True that. I've actually been thinking about what measures we would be able to take to see if another bubble was on the horizon, a pin test if you will. I was thinking something along the line of slowing fed spending and increasing bank regulation, hopefully forcing institutions to be more conservative. Then after a quarter or two of evaluation release the regulations and move forward for another 1 or 2 quarters slowly testing the waters.

[quote="manualman, post:9, topic:198260"]
We can't get out of that disaster until we start making more valuable things out of less valuable things again. Everything else is support activity (at best) or smoke and mirrors (at worst) that won't get us anywhere in the end.

[/quote]

Well, we can do that, but we're already in this service based economy (repairmen, insurance salesman, car salesmen, health care workers, IT programmers and support, transportation workers, etc and etc). To shift away from our current economy might take a while and not leave us in a better position. I would think that if we can specialize enough then we can continue to produce intelligent property, as we have been doing, and make a decent living out of it.

:twocents:

Actually it not like that.

The US Government’s policies (under both parties) is as follows.

High paying jobs are outsourced to foreign lands or foreigners with H1B and L1 visas come here, and take your jobs away.

Low paying jobs are taken by illegal aliens who are paid like a fraction of the minimum wage. Soon they will be rewarded with an amnesty.

In both cases, republicans support this since it is cheap labor for the fatcats, and democrats support it since these people when they become citizens later, vote democrat overwhelmingly.

And what do American citizens get? Unemployment checks for a short time and then starvation. No jobs for you!

[quote="BobCatholic, post:11, topic:198260"]
Actually it not like that.

The US Government's policies (under both parties) is as follows.

High paying jobs are outsourced to foreign lands or foreigners with H1B and L1 visas come here, and take your jobs away.

[/quote]

This can be very true. But sometimes it's not. I am an engineer who does it all. More than once, my job has been threatened by cheap Indian labor. The benefit we have over cheap foreign labor is quality. Americans are innovative, and it's that drive and innovation that will keep us prosperous.

[quote="BobCatholic, post:11, topic:198260"]
Low paying jobs are taken by illegal aliens who are paid like a fraction of the minimum wage. Soon they will be rewarded with an amnesty.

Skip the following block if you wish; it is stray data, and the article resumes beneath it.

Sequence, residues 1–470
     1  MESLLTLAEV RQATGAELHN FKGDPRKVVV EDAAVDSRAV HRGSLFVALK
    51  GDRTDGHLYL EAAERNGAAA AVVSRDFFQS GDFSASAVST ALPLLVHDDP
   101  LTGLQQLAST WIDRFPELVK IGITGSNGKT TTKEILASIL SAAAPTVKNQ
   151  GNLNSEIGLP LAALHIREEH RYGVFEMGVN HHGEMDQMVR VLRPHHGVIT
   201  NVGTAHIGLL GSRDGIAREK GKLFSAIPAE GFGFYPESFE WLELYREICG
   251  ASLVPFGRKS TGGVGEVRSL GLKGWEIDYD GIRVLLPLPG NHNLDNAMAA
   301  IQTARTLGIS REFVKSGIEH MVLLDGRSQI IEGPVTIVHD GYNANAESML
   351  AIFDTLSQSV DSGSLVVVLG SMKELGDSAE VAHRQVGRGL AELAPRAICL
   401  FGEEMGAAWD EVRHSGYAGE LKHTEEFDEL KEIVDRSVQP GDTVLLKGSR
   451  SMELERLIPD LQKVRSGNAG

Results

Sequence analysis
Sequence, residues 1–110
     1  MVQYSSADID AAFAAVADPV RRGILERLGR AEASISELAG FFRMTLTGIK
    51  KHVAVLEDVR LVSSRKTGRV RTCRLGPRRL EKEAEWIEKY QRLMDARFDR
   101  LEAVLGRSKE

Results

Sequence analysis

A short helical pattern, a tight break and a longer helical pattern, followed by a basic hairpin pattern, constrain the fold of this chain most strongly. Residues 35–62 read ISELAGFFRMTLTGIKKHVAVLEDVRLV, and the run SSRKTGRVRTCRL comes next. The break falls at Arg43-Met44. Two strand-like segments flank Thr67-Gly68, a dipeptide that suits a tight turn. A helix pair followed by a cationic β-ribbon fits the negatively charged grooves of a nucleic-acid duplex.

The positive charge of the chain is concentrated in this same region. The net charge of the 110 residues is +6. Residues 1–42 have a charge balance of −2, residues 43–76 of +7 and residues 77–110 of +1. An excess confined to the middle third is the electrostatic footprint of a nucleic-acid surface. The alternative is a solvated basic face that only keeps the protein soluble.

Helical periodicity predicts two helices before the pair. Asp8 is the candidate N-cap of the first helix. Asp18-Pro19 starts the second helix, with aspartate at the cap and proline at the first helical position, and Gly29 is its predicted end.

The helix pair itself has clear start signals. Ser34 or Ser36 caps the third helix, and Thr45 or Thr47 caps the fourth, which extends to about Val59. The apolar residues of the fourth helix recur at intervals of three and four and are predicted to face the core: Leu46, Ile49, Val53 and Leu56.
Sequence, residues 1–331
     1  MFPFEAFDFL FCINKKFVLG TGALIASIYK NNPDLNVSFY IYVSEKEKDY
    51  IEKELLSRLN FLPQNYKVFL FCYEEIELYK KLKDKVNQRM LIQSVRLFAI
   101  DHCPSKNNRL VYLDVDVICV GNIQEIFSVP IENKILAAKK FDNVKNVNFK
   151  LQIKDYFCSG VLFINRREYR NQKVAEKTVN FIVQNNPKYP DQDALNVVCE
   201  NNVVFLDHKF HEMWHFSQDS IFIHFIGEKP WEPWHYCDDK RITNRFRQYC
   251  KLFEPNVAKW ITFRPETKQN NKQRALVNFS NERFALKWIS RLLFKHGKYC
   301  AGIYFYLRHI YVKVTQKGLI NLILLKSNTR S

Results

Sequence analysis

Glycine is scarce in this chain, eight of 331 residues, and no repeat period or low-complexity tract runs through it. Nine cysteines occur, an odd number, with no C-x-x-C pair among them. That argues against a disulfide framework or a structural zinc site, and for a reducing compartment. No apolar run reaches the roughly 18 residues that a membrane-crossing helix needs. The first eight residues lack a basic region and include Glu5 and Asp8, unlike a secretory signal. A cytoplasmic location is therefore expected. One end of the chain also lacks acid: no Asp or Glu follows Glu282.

In both cases, republicans support this since it is cheap labor for the fatcats, and democrats support it since these people when they become citizens later, vote democrat overwhelmingly.

[/quote]

That seems like an awfully cynical view. All parties view illegal immigration as an issue, just with different ways to address the issue.

[quote="BobCatholic, post:11, topic:198260"]
And what do American citizens get? Unemployment checks for a short time and then starvation. No jobs for you!

[/quote]

It sounds like we should all just lay down and die. I just can't accept the world view you put forward. Yes, there is a lot of competition in the world, but it is our job to rise to the occasion and do what it takes to thrive.

I am an out of work Software Quality Assurance Engineer. I have 10 years of experience and consulted during that time. I’ve had a LOT of repeat jobs because clients liked my work. So I know what I’m doing.

But lately, the companies don’t care about quality. If they did, I’d have a job :slight_smile:

That seems like an awfully cynical view. All parties view illegal immigration as an issue, just with different ways to address the issue.

Am I wrong on the view? Or simply dismissing it as “cynical” gives you permission not to disprove it. Please, prove me wrong. I need to know why congress continues to allow more H1B and L1 visa holders to come into the country when millions of Americans are out of work. This is a perfect time to suspend those programs, and crack down on outsourcing. That would earn a lot of political points with the electorate. But no, they do nothing. And what about the illegal immigration racket? Again, open borders is the way they handle it.

It sounds like we should all just lay down and die. I just can’t accept the world view you put forward. Yes, there is a lot of competition in the world, but it is our job to rise to the occasion and do what it takes to thrive.

Of course you can’t accept it, you have a different line of work, and are still working.

Lynx,

The “service based economy” is a lie that has been repeated so often that nearly everyone believes it. It doesn’t work and never can. It ignores the reality of entropy. Everything made by humans eventually falls apart and becomes worthless. Cars, appliances, houses, roads, EVERYTHING. While those things last, they have value. When they’ve decayed beyond the point of salvage, they don’t have value anymore.